|Annual Report of the Alabama &
Tennessee River RR
|as of April 1, 1866
| Report of the president and
directors of the Alabama & Tennessee River Railroad Company to the
stockholders, of the operations of the company from June 1, 1864, to
March 31, 1866.
|Office of the Ala. & Tenn. River R. R.
|Selma, April 21, 1866
| ***** The road is finished
and equipped from the city of Selma to Blue Mountain, in the county of
Calhoun, a distance of 135 miles, and in good running order. The
road-bed from Blue Mountain for 15 miles, via Jacksonville, in the
direction of Rome and Dalton, Georgia, with small exceptions, grading,
masonry, bridging, large brick depot building at Jacksonville, are
finished and ready for the superstructure. Of the road-bed from Blue
Mountain to Gadsden, on the Coosa river, a distance of 32 miles, the
first ten miles is, with very slight exception finished and ready for
the iron and ties. The heaviest and greater portion of the grading and
masonry is finished the remainder of the distance to Gadsden. From
Gadsden to Gunter's Landing, on the Tennessee river, a distance of 38
miles, the entire road-bed is graded by the Tennessee & Coosa
Railroad Company. In addition to this the company has a branch road,
grading and masonry finished five miles, commencing at Ashby Station,
49 miles from Selma, and running in the direction of the coal fields.
In addition to this the company has a branch road, grading and masonry
finished five miles, commencing at Ashby Station, 49 miles from Selma,
and running in the direction of the coal fields.
| Up to the 1st April, 1865,
when the city of Selma was captured, sacked, robbed, and burned by the
United States forces under the command of General Wilson, the running
operations and earnings of the road were eminently successful, and
yielded a handsome income.
|Fiscal year ending June 1, 1864, the earnings
from transportation and shops were
|The expenses for that year were
|From the 1st of June, 1864, to the 1st of April,
1865, when Selma fell, the earnings of the road for ten months
|Expenses and outlays of all kinds were
| ***** The damages sustained
by the military may be enumerated as follows:
|1. The total destruction of our depots,
offices, cotton warehouse, round-house for engines, foundry and
machine shops, all machinery and tools in Selma.
|2. The destruction of six important Howe's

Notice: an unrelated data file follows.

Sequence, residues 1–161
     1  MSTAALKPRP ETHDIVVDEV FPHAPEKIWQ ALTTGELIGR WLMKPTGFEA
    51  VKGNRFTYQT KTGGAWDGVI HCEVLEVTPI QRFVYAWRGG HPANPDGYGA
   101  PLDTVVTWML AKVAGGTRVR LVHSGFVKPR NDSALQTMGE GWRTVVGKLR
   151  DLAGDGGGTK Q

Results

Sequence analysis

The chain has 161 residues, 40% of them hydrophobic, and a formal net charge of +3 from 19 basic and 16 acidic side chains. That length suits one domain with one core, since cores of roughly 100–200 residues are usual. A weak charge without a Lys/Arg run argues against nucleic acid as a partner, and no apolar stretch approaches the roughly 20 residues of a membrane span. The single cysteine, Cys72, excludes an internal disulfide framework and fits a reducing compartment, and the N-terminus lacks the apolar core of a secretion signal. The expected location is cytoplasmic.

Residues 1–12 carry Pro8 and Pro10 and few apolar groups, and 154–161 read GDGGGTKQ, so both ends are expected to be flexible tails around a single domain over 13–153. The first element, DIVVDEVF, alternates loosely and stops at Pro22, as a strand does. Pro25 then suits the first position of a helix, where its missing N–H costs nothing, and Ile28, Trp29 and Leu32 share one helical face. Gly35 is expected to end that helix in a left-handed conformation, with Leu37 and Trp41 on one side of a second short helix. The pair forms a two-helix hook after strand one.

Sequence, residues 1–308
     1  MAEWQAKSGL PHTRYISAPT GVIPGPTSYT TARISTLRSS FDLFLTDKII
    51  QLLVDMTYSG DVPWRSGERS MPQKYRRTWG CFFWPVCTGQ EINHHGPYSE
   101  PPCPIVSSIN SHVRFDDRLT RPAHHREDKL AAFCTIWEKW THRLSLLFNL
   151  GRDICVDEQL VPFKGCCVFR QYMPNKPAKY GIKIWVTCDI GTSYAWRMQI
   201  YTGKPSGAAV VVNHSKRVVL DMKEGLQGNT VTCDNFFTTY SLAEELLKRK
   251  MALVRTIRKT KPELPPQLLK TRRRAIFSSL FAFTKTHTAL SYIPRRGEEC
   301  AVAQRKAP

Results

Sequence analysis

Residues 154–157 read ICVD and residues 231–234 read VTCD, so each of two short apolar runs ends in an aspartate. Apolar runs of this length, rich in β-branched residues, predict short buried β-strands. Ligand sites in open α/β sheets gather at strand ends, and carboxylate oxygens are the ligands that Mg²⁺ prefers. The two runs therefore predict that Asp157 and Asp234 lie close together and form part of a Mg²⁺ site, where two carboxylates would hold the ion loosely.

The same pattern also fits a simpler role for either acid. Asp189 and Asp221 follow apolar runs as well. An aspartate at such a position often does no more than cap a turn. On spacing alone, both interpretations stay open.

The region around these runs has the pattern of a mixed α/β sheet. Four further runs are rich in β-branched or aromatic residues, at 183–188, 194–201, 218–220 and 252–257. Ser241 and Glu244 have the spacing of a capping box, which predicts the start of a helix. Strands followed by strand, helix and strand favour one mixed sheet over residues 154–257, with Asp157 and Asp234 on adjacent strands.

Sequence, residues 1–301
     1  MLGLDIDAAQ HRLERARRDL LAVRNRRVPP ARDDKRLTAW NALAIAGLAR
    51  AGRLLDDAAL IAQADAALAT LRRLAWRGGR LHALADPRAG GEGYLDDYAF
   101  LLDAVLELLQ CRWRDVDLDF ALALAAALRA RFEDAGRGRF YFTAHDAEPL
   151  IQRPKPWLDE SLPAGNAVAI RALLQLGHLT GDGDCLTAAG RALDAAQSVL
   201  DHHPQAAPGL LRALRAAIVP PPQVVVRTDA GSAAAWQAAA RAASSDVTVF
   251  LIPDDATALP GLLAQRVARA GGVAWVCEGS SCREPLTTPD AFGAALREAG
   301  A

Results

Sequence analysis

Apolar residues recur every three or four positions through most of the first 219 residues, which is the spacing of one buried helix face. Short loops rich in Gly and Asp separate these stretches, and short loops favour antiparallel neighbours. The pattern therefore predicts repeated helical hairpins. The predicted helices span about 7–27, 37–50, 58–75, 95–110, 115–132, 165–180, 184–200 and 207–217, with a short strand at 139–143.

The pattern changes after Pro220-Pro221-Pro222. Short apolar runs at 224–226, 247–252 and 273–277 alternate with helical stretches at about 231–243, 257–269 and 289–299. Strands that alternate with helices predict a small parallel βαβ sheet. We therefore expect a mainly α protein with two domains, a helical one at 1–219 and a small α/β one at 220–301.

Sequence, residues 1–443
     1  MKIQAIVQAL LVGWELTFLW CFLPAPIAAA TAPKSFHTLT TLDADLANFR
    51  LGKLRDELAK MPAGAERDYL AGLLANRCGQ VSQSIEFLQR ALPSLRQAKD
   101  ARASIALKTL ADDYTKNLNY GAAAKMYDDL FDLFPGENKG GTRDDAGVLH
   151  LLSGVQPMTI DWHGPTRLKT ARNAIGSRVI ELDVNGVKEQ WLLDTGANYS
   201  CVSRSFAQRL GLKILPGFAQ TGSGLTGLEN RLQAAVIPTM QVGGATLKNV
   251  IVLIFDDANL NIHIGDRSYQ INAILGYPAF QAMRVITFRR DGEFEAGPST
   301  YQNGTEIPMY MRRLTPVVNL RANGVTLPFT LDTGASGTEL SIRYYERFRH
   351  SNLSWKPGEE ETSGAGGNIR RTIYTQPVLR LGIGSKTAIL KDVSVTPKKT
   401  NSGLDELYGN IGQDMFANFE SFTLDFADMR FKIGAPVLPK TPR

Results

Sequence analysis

truss covered bridges.
|3. The destruction of nearly all the
trestle bridging from Montevallo to Burnsville, and from Talladega to
|4. The destruction of a portion of our
track and iron, and depot buildings, platforms and offices at
Randolph, Montevallo, Talladega, Munford, Silver Run, Oxford, and Blue
|5. The destruction of seven locomotives
and -- box, flat and passenger cars, some few water tanks, -- cords of
wood, and -- cross-ties.
| The road was in full
operation until the latter part of March, 1865. The United States
forces then swept over it, from Columbiana to Selma, seventy-two
miles, destroying the iron-works, foundries, rolling-mills, limekilns,
and the road as above stated, while a detachment of the same force
inflicted a like damage on the road from Talladega to Blue Mountain, a
distance of twenty-five miles.
| The effect of this was the
total suspension of running operations over two months, and the
destruction of its main sources of business, while the company was
left absolutely without means, business, or revenue. *****
| Since the last annual report,
Captain C. E. Thames, one of the directors, resigned and moved to
Mobile. Colonel P. J. Weaver, who has been one of the board of
directors of this company ever since its organization, in November
last, died. Colonel Weaver was one of the largest stockholders
connected with this company. He contributed largely in money and
devoted much of his time to this enterprise. His immense wealth and
credit placed it in his power to render great service to the company.
He was frequently called upon to indorse paper for the company, which
he did, and his name was a pillar of strength to the company. The loss
of such a friend to the road is muck regretted and lamented by his
associates in office. We regret the loss of the services of Captain
Thames. He had been in the board about two years, and during that time
his great business capacity and tact were very valuable to the
company. The eminent services of such men cannot be too highly
estimated for any public enterprise.
|Thomas A. Walker